OPINION: Colour can be a very emotional quantity, so much so that some artists have almost made a fetish out of it. One famous group of early 20th-century German expressionists went so far as to name themselves by a colour. They were known as The Blue Rider movement, because the leader of the group (Kandinsky) loved the colour blue so much. For him it held spiritual significance, associated as it was with the abode of God in the azure heavens, and the colour connected with the Virgin Mary. He even wrote a book on the subject, where he outlined his symbolic colour coding system, which included musical notes that evoked different hues. The sound of a flute suggested a light blue shade, while an organ conjured images of the darkest cerulean. His paintings thus became musical symphonies.
When one learns that the man suffered from a mental condition known as synaesthesia, it explains a lot. But one doesn’t have to suffer from a perceptual aberration for colour to work in strange and sometimes dangerously absurd ways.
Gangs, for instance, have their colour identities. In some parts of this country, you could suffer serious harm for wearing the “wrong” colour, like the boy who was assaulted for wearing a red shirt, deemed hateful by the gang who “live, die and steal” for blue. A man innocently walking his dog was also accosted by a Black Power associate because the leash was red.
It gets worse. Schools in certain towns have to choose their house colours with care, apparently. It’s reached such farcical lengths that red and blue have had to be eliminated from school uniforms, such is the toxicity and violence surrounding the tints for those for whom it assumes irrational significance. Foetal alcohol syndrome has a lot to answer for.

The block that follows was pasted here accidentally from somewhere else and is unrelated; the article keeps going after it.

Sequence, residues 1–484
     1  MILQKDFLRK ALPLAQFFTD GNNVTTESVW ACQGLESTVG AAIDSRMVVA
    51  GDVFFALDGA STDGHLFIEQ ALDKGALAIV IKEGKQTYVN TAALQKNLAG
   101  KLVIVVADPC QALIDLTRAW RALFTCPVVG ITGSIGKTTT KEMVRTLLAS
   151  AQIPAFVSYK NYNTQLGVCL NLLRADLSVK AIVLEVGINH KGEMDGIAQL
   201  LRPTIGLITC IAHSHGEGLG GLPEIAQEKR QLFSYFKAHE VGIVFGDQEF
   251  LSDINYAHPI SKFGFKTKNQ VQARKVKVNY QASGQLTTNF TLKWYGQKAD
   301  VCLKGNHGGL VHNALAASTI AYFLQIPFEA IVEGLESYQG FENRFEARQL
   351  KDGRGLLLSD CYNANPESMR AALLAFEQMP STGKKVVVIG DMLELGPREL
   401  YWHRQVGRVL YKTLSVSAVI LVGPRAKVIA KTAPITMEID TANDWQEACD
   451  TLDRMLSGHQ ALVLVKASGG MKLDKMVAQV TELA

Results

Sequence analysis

Ironically, blue and red are the colours of the two main political parties. These particular gangs have visited, over the course of history, mayhem on a long-suffering populace.
New Zealand’s favourite colour, of course, is black. It began with the All Blacks and went from there, spreading to other sports: the Black caps, Black Sox, Tall Blacks, the Black Sticks. The black singlet is ubiquitous and our most famous artist, Colin McCahon, painted predominantly black abstract works.
Its symbolism ranges across everything from death to rebellion. Whether that reflects on us as a somewhat dour, Presbyterian and pessimistic species, or alternatively a bunch of hell raisers, is open for debate. Colour psychology is not an exact science.
But its popularity here was reinforced recently when Mitre 10 polled customers asking suggestions for paint names with a Kiwi flavour. The most popular with punters were two shades of black, one called McCawesome, the other, Carter Mana. Enough said.
But the most bizarre example of a colour reading came from Maori broadcaster Tu Harawira recently, when he revealed to the nation that the “Red Peak” flag option is racist because the white triangle pushes the other colours, black in particular, to the margins. What we have here is someone suffering from a mental condition known as paranoia. At this point, when you start seeing grievance everywhere, it’s time to call the men in white coats. Oh no, another racist insinuation. It’s obviously a Pakeha conspiracy.
British Mersey poet Adrian Henri treated the subject comically in 1967, writing “White Americans will demonstrate for equal rights/in front of the Black House.”
Colour can be complicated, nuanced and fraught, particularly when it comes to identity issues; people are easily spooked and jump at shadows. Time to turn down the volume and take the tablets. Which might be good advice to some Toti members in this town, with their snipping about the proposed colourful sculpture to commemorate the fallen horses that served during the First World War?
Colour can add vibrancy to a city and the recent Hamilton Street Art Festival did just that with many street artists making their rich multihued marks around the CBD. Over a dozen new murals now decorate huge wall spaces around the inner precincts. One of my favourites is the stylized dancers beside the pedestrian walkway on Claudelands Road painted by Eliza Webster. Check them out at Facebook.com/Hamilton Street Art.
The last word must go to American novelist William Gass, who wrote a 91-page philosophical inquiry on a single colour called On Being Blue, dedicated to “all those who live in the country of the blue”. Colour, he demonstrated, is a complex, polymorphous, joyous multitude.
by Peter Dornauf